Matt Patricia cuts a distinctive appearance on the sideline. Baseball cap worn backward, bushy black beard and his trusty No. 2 pencil always tucked behind his right ear. Basically, a grown-up version of your freshman year roommate.
If Paul Bunyan had a son, he would look like Patricia.
The New England Patriots defensive coordinator — for the time being — arrived at Super Bowl LII Opening Night in full character, pencil included, except he accessorized with a leather jacket.
Why the pencil for an interview session?
“My brain kind of spins all the time,” he said. “I write ideas down.”
His mind probably is spinning like a tornado this week. Game-planning to face the Philadelphia Eagles offense, first and foremost, but Patricia also reportedly will be the next Detroit Lions head coach, though nothing can become official until after the Super Bowl. Patricia can’t talk publicly about it, and the Lions can’t announce it, but the gig is his sometime after Sunday.
Patricia dodged repeated questions about the Lions with some variation of “I’m just worried about Philadelphia,” but his hiring immediately moves him to the top of the Smartest Head Coach in the NFL list.
Patricia owns a degree in aeronautical engineering from prestigious Rensselaer Polytechnic Institute (RPI). He spent two years working in that field before deciding that coaching football fit him better than rocket science.
That raises a pertinent question: Which is more challenging, rocket science or coaching the Detroit Lions?
The NFC North should be fascinating next season with two new head coaches, the return of Aaron Rodgers and a team that fell one step short of the Super Bowl.
The Chicago Bears replaced John Fox with Kansas City Chiefs offensive coordinator Matt Nagy, another Andy Reid disciple. The Lions followed the Vikings’ lead and hired a head coach with a defensive background.
Patricia never has been a head coach at any level but he’s worked alongside Bill Belichick for 14 seasons, the past six as his defensive coordinator.
Being exposed to Belichick’s genius for that many years provides a solid foundation but doesn’t guarantee that Patricia will transform the Lions into a playoff regular. Any number of variables dictate whether a head coach succeed or fails, beyond his résumé.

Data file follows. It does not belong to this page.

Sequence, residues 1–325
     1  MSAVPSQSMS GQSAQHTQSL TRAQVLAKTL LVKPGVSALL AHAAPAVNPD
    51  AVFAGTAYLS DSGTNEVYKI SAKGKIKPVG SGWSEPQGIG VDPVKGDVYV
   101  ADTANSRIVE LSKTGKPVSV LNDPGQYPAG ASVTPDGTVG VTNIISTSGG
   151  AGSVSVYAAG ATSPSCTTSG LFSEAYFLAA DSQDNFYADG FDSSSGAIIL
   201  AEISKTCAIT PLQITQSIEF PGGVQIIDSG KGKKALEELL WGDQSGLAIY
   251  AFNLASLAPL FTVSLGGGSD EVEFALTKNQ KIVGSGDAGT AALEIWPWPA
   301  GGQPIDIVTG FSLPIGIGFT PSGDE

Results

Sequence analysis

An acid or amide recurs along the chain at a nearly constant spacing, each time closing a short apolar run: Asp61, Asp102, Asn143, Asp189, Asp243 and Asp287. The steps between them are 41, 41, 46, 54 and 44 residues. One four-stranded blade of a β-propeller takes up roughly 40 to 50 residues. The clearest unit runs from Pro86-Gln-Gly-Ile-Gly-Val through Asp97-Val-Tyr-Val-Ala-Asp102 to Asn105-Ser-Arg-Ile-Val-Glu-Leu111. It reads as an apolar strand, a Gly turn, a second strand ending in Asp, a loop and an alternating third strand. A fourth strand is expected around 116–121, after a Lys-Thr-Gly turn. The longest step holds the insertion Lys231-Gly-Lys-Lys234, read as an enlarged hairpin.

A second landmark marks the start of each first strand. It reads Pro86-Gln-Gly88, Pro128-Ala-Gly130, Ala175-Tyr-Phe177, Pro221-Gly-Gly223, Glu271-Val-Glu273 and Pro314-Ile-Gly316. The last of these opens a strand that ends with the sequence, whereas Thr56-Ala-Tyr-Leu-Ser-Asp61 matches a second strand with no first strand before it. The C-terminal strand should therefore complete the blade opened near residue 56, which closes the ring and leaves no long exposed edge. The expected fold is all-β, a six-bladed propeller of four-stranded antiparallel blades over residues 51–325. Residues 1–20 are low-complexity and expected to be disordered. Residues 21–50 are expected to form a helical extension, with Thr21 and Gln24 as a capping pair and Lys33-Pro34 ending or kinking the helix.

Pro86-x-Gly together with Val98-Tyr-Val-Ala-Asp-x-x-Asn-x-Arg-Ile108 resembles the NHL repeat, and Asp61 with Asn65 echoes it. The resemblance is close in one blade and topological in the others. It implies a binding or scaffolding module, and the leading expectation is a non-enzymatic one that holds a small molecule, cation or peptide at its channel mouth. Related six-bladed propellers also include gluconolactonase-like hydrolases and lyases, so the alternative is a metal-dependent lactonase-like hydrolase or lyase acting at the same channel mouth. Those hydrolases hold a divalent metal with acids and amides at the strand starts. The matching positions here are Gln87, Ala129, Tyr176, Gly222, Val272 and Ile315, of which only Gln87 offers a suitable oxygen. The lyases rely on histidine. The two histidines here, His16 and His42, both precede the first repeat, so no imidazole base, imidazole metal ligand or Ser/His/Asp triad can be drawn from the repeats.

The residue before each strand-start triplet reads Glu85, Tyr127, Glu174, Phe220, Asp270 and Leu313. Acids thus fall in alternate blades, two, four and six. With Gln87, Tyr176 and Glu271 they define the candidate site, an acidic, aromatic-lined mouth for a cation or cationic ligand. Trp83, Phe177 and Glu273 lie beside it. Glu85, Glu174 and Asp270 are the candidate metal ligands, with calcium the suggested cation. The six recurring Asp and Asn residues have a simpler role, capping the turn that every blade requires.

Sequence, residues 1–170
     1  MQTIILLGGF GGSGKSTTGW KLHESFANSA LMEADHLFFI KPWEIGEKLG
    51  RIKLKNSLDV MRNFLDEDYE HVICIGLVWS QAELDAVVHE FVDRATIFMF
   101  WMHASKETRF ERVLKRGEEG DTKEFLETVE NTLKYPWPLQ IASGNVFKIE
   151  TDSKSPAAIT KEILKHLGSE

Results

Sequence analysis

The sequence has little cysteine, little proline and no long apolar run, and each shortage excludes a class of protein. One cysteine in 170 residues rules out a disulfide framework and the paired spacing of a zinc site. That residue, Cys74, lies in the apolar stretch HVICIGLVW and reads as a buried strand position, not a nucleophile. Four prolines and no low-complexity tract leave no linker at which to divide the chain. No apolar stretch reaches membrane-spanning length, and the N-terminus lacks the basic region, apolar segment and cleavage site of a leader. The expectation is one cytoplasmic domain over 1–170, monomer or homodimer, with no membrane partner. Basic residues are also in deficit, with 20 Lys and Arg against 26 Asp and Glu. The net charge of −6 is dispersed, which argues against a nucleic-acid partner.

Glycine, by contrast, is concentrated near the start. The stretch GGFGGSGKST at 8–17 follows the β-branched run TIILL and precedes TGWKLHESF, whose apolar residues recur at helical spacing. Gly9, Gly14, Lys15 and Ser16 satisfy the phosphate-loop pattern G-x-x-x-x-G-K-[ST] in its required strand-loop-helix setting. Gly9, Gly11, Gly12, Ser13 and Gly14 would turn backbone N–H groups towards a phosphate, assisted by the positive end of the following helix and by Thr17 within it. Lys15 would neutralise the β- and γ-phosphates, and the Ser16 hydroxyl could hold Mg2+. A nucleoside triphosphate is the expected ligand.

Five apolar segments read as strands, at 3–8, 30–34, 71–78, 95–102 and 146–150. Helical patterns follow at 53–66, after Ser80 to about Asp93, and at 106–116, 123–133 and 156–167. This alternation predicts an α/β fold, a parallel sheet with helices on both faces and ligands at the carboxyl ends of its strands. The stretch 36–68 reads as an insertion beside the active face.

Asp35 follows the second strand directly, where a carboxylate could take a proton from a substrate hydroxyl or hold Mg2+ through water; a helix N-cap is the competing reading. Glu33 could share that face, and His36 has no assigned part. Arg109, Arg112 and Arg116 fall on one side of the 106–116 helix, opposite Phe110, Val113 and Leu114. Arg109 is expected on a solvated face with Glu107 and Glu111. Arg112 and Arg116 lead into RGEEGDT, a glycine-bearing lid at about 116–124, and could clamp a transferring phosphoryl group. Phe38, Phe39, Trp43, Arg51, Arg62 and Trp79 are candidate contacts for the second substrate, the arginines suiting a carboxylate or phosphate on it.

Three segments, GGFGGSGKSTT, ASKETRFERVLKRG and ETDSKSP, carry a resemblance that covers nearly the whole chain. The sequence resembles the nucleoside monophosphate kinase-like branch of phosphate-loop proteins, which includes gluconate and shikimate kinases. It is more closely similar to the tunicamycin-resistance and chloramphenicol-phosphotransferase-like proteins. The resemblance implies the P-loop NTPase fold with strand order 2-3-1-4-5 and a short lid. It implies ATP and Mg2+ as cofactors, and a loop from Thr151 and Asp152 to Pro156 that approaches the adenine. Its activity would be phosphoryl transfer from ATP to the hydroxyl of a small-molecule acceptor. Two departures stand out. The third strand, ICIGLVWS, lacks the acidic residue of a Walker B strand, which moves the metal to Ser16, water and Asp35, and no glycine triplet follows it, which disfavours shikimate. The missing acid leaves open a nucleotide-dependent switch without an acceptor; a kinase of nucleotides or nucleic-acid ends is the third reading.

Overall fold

The manner in which Patricia handles being CEO of an entire football operation will determine if he wins big at a place where so many coaches before him have failed.
One thing is for certain though: Patricia knows how to construct a top-shelf defense, and that coupled with quarterback Matthew Stafford directing the offense makes the Lions more legitimate on paper.
The Lions ranked 21st in scoring defense this season; the Patriots finished No. 5. New England’s defense has ranked in the top 10 in fewest points allowed in all six seasons with Patricia as coordinator, including No. 1 in 2016.
“He will get the best out of you,” Patriots safety Patrick Chung said. “He’s a good dude. Sometimes he’ll get under your skin, but he’s doing it for a reason, to get the best out of you. He’s given me a lot of good years in my career.”
Chung described Patricia’s coaching style by noting his creativity with scheme and personnel.
“You never know what’s going to happen,” he said.
Patricia’s back story makes him a unique character in a profession littered with similar career paths. He scored “in the 30s” on his ACT and his favorite college courses involved theories and fundamentals of flight. He declined to name his least favorite class but noted that “thermodynamics was probably one of my more difficult ones.”
Belichick hired him as an entry-level quality control coach in 2004. Patricia slept so many nights at the office doing grunt work that his wife bought him a mattress to keep at the stadium.
“I actually have a nice little Tempur-Pedic rollout mattress,” he said.
He consider four hours of sleep at night a “luxury.” His fixation on No. 2 pencils began as a young coach when he worked into the wee hours diagraming plays by hand with the “old-school method.”
He used mechanical pencils as an aeronautical engineering student. He went authentic as a football coach.
“In the end, a good ol’ No. 2 finely sharpened was the best weapon,” he said.
A finely sharpened defense gets the job done, too. And Patricia has overseen a lot of those as Belichick’s trusted coordinator. Now he’ll try to bring that magic touch to Detroit, which makes the NFC North more interesting and potentially more competitive.
Chip Scoggins • email@example.com